The frequency of several mutations that inhibit response to tyrosine kinase inhibitors and tend to lead to increased disease severity was elevated in Chinese patients with non-small cell lung cancer.
Chinese patients with non-small cell lung cancer (NSCLC) exhibited increased frequency of several mutations that may affect the efficacy of tyrosine kinase inhibitors and increase tumor mutation burden. Findings were published in Frontiers in Oncology.
Serving as the most common type of lung cancer, NSCLC is a highly heterogeneous disease with a diversity of phenotypes and genotypes in different populations. Leveraging these actionable driver alterations, identified via comprehensive genomic profiling (CGP), has greatly prolonged the survival time of patients with NSCLC.
However, researchers noted that population reports focused on Europe, America, South Korea, and China have shown differences in the frequency of driver genes among patients, which affect the efficacy of targeted drugs.
To investigate the genomic profiles of lung adenocarcinoma (LUAD) in eastern Chinese patients and their significance in targeted therapies, researchers enrolled 101 patients with diagnosed LUAD (median age, 61 years) from Zhongshan Hospital Affiliated to Fudan University between January 2018 to March 2021. Common and uncommon oncogenic alterations among participants were detected via CGP (next-generation sequencing).
Of the study cohort, 46.5% were diagnosed with stage 1, 16.8% with stage 2, 4.0% with stage 3, and 32.7% with stage 4 LUAD. A total of 71 patients had actionable mutations detected in tissues, of which 35 received targeted therapies, authors said. Efficacy of targeted drugs was examined in the 32 patients who provided follow-up information.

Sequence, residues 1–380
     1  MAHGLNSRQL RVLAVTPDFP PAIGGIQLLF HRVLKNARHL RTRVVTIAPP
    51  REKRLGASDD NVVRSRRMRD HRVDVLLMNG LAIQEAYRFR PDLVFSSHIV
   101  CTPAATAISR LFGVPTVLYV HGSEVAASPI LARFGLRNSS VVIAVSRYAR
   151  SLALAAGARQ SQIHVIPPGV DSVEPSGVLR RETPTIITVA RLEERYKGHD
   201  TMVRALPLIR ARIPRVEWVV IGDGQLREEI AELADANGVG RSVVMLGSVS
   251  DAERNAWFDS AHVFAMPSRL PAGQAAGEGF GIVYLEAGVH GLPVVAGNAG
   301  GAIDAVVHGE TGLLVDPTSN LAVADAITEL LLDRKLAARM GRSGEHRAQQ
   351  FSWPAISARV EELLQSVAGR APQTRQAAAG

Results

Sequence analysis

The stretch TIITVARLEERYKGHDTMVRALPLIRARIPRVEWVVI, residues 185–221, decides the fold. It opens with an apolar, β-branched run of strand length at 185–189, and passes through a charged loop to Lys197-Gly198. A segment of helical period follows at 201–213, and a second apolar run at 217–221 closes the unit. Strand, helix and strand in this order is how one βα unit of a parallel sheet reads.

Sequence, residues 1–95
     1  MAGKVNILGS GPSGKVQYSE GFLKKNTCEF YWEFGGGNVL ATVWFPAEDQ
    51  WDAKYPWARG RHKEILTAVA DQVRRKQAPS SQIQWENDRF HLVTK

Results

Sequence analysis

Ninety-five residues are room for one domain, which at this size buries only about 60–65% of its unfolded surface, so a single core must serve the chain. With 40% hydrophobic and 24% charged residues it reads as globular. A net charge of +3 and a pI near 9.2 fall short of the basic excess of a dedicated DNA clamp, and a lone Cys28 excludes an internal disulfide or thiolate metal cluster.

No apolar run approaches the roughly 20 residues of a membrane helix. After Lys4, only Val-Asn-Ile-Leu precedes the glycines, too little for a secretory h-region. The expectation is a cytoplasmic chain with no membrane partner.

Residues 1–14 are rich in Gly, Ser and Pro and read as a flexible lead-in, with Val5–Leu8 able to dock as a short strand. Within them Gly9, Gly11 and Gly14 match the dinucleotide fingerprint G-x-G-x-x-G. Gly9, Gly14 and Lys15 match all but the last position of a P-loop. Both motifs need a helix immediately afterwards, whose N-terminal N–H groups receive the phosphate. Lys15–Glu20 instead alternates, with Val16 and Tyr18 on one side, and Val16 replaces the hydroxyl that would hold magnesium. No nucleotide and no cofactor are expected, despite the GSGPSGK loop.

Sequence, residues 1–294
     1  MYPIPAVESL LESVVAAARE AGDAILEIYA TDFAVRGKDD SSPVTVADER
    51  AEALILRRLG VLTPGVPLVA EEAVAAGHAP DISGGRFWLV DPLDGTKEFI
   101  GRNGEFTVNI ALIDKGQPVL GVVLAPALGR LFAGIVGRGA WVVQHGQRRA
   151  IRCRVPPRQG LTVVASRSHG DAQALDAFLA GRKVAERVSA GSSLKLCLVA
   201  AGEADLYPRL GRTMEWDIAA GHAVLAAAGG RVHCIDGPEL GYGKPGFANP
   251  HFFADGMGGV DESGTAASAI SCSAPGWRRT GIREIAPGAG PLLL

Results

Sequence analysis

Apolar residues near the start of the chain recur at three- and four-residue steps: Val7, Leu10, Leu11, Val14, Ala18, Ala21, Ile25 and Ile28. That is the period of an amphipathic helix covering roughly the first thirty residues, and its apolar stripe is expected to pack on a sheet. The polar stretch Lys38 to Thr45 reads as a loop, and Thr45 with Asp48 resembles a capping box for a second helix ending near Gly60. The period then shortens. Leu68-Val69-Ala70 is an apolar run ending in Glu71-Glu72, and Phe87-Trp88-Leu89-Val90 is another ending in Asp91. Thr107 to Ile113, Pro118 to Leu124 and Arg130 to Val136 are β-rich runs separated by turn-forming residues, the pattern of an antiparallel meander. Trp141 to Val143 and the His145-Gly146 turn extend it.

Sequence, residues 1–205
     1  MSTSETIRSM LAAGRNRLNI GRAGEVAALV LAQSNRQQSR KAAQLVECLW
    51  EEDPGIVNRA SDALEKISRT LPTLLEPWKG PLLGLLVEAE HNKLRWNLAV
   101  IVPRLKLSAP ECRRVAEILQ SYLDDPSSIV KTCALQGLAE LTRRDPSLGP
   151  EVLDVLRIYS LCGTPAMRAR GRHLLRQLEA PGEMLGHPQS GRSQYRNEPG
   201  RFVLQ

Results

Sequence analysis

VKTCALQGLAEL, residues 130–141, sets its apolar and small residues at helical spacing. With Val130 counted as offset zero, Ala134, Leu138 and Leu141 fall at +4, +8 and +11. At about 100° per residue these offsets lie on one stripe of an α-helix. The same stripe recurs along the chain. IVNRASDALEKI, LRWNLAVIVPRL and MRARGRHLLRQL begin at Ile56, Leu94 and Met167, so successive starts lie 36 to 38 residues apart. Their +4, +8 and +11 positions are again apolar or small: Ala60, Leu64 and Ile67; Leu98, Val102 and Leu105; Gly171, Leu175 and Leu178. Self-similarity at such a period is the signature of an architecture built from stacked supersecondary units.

In total, 314 mutated genes were detected via CGP, with the most commonly mutated genes being epidermal growth factor receptor (EGFR) (53%) and tumor protein p53 (TP53) (32%), whereas the less frequently mutated genes were erb-b2 receptor tyrosine kinase 2 (ERBB2) (25%), ATR serine/threonine kinase (ATR) (20%), CCAAT enhancer binding protein alpha (CEBPA) (16%), RB transcriptional corepressor 1 (RB1) (16%), transcription factor 7 like 2 (TCF7L2) (14%), ROS proto-oncogene 1, receptor tyrosine kinase (ROS1) (12%), and spectrin alpha, erythrocytic 1 (SPTA1) (12%).
The frequency of ERBB2, ATR, CEBPA, RB1 and TCF7L2 mutations in the Chinese patient cohort was found to be much higher than that in the databases. Moreover, CEBPA mutations were noted to affect the efficacy of EGFR-tyrosine kinase inhibitors, with ERBB2, CEBPA, and TCF7L2 mutated tumors tending to have higher tumor mutation burden.
“Patients with LUAD from eastern China have a unique profile of mutations,” concluded the study authors. “The targeted DNA panel is helpful for personalized treatment decisions of patients with LUAD, and specific mutations may affect the efficacy of targeted therapies.”
Liu J, Xu W, Ye M, Liu Z, and Li C. Genetic alteration profiling of Chinese lung adenocarcinoma and its effect on targeted therapy efficacy. Front Oncol. Published online December 14, 2021. doi:10.3389/fonc.2021.726547